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Franck Gohier: Target

Sold Out

Australia is a funny place. We laugh at the commercialism of the US but spend ourselves silly on credit.  We welcome people from all nations, yet shun our own ancestors.  Or, as the recent Australian film Samson & Delilah showed, we pay exorbitant amounts of money for Aboriginal art, with most of the funding going to the gallery owners and only a pittance to the actual artist, who often lives in squalor.

Welcome to Franck Gohier‘s world, currently on display at Ray Hughes Gallery in Sydney.  Gohier uses his acerbic wit to comment on themes such as the Northern Territory invasion (ahem, intervention), the credit crisis, and global warming.  This wit, combined with the pop-art aesthetic, sends a powerful message about where our country is headed.  The bullet holes aren’t so subtle.

Oi Oi Oi

Welcome to the Tropics

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Smithers

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Posted by on August 5, 2009 in art, contemporary, looking

 

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I’m Back – Just Like Casio

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I’m back, and celebrated with a quick shopping trip to the fantastic Footage in Darlinghurst.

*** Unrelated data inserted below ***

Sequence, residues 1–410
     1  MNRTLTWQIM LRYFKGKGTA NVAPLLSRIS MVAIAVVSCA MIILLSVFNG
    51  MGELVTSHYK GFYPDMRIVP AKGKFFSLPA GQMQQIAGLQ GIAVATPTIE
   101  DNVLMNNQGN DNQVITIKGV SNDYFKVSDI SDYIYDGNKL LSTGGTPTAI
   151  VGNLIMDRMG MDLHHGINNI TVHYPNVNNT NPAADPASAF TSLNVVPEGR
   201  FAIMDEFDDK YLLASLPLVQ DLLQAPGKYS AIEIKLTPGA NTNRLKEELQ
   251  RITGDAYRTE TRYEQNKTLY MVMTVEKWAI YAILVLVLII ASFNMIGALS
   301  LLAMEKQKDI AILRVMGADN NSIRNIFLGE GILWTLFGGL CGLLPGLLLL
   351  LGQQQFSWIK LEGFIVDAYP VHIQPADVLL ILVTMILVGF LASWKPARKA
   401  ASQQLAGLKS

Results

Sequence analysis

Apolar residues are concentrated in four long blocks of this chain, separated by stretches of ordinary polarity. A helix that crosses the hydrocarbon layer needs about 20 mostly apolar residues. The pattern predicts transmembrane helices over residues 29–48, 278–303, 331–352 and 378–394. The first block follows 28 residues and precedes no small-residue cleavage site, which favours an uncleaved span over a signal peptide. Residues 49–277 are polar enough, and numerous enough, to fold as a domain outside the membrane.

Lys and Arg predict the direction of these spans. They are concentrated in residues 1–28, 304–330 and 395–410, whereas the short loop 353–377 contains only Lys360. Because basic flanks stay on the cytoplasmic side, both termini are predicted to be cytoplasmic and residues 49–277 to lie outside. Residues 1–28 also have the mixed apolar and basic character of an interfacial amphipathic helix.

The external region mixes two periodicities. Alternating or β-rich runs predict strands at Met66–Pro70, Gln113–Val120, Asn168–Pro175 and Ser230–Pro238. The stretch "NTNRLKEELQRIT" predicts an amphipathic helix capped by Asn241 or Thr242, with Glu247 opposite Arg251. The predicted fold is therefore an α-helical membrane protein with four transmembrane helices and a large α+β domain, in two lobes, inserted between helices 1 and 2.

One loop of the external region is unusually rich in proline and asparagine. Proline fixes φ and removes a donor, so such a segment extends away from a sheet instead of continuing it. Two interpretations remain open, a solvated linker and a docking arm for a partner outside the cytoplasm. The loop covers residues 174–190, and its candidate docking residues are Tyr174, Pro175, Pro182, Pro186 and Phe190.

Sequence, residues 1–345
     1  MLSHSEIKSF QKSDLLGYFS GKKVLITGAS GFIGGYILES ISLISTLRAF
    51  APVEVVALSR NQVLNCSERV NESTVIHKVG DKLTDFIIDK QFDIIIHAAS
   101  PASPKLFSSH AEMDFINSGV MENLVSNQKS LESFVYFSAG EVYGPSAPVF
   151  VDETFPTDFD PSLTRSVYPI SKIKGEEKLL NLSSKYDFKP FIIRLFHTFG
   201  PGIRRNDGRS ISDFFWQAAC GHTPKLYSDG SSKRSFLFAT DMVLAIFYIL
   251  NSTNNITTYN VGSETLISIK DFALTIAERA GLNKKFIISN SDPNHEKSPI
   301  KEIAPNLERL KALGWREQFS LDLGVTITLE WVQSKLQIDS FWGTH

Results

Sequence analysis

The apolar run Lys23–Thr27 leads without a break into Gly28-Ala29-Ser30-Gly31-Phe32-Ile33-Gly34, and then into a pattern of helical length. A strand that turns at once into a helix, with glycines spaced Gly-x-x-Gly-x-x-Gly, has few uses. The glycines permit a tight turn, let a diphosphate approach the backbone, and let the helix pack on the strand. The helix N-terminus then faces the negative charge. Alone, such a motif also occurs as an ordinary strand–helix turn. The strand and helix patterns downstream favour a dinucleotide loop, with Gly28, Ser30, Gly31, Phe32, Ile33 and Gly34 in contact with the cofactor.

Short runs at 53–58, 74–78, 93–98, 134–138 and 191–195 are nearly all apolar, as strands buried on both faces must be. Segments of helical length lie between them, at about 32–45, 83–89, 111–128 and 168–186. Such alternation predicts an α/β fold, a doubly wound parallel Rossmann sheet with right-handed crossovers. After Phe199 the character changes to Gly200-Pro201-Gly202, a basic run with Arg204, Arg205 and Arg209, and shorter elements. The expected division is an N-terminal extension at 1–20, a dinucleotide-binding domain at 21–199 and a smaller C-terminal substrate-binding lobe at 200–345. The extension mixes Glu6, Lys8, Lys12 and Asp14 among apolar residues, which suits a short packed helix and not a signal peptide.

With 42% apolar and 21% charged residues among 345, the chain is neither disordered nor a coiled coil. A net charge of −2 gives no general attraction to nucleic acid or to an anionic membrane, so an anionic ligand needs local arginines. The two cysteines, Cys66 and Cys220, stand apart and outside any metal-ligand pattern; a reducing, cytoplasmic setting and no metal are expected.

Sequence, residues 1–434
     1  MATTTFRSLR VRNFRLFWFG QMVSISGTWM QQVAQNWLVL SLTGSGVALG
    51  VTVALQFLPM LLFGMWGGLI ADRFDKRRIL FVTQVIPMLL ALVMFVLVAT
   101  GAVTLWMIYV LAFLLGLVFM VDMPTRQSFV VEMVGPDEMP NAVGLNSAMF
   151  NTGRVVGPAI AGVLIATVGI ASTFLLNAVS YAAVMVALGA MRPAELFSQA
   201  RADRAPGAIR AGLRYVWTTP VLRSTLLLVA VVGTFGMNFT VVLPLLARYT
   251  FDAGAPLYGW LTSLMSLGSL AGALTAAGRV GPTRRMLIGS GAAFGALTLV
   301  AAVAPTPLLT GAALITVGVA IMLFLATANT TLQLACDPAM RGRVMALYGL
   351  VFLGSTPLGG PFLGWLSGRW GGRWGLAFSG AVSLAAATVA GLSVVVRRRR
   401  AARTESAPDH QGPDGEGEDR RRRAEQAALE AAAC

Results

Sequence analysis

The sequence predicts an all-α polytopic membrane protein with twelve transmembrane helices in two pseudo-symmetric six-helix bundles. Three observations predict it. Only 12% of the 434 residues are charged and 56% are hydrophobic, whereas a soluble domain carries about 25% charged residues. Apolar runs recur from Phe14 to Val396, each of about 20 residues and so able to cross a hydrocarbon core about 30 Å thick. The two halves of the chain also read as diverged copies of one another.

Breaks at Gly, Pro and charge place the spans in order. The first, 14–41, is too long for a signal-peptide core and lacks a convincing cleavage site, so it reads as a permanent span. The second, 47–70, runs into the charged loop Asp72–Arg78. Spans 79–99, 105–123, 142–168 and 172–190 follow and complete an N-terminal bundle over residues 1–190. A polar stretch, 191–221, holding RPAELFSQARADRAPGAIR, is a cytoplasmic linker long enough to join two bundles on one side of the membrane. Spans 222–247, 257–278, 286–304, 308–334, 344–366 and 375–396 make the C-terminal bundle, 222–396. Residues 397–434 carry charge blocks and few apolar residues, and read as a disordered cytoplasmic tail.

Apart from stocking their usually fantastic range of carefully-edited streetwear, footwear and collectibles, they had a collection of Casio watches from the 1980s.

According to the shopkeeper, these relics have been continually popular in Japan and other parts of Asia for the past 20 years, but sadly Australia has missed out thanks to a conspiracy by the local distributors to only sell high-priced watches. Hmm.

In any case, these are seriously cool watches, full of gimmicks that seem somewhat quaint in today’s world of mobiles, widgets and apps.  The sales guy pitched them by saying something like, ‘If you’re travelling overseas, and you’ve forgotten your phone, this watch can do currency conversions for you’.  Or, ‘If you’re at a nightclub without your phone and you get someone’s number you can key it into your watch rather than risk losing a bit of paper’. Again, hmm.

But really, he wasn’t fooling anyone.  Admittedly, the one with the universal remote was pretty cool, but we all know these watches serve no purpose other than to allow Gen x-ers and y-ers to relive their youth.

Anyway, I’m back, just like a Casio, and will be filing more Culturepublic reports soon.